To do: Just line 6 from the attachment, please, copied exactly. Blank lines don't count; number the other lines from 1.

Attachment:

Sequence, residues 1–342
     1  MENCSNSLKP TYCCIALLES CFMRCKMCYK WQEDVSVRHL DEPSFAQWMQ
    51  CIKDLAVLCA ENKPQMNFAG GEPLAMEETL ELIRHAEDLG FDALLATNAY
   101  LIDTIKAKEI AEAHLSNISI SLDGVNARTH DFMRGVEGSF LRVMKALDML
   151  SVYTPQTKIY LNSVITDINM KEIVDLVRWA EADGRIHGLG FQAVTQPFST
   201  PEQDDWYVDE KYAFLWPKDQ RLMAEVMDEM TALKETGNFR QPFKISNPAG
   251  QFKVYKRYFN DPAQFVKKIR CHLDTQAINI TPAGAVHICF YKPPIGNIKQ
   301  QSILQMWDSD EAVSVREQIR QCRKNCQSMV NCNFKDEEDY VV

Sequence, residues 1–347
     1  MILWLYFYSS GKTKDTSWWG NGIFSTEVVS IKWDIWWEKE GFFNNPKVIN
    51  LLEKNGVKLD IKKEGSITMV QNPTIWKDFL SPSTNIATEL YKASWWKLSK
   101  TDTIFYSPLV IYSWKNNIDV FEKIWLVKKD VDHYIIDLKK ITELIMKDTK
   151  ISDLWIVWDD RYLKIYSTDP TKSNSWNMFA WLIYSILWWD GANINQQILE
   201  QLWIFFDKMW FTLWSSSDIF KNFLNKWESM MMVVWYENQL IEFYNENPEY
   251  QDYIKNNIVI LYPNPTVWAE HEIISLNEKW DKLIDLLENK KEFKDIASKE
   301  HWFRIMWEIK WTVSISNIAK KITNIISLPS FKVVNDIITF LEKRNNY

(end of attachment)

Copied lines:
   201  PEQDDWYVDE KYAFLWPKDQ RLMAEVMDEM TALKETGNFR QPFKISNPAG